April 1 would of been D. Boon's 52nd birthday and I was thinking about him that day. I was fortunate enough to see the Minutemen play in San Francisco (I can't remember what club it was) and the very next year being in the opening band (not sure which band it was but it really doesn't matter) on a 4 band bill with them headlining at the Mabuhay Gardens.
By about 1983-84 punk rock began to become a sort of 'rule-oriented-lock-step' movement (pretty much what it is today). By this time most bands were 'hardcore' sounding like an endless army of Black Flag tribute bands. On the other hand, the Minutemen stood out splendidly. They definitely had a sound and style all there own and did what they felt was right. They seemed to approach music without any rules attached, sort of like an experimental jazz musician might have and they made it okay to actually be able to play your instrument well. Hey, I kid you not, I was no Van Halen but I got dogged constantly by other punks for playing a little too proficiently (again, see 'rule-oriented-lock-step' movement).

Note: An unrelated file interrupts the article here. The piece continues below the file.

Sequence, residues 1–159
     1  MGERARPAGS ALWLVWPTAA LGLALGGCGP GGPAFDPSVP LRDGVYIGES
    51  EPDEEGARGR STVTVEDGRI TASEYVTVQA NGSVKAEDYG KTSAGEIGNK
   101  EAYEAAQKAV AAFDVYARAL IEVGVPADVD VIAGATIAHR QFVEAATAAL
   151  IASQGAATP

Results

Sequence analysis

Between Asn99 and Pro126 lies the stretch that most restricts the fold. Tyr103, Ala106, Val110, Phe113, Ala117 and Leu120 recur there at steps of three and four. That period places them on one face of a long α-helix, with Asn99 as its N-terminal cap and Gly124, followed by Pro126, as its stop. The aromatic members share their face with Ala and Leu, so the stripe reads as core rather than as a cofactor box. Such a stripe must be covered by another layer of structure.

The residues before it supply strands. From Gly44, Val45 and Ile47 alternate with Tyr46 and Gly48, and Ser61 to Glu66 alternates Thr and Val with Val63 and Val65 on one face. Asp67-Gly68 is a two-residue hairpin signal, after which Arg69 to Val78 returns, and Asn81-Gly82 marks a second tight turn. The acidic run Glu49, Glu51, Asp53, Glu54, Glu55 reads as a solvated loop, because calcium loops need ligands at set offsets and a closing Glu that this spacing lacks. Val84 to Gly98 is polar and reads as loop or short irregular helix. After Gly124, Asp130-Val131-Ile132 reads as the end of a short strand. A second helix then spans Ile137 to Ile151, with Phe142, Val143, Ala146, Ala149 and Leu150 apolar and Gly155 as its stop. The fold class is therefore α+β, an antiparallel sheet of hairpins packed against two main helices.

If you get a chance, see the wonderful documentary, We Jam Econo; Story of the Minutemen.
Great guys. Mike, George and Boon.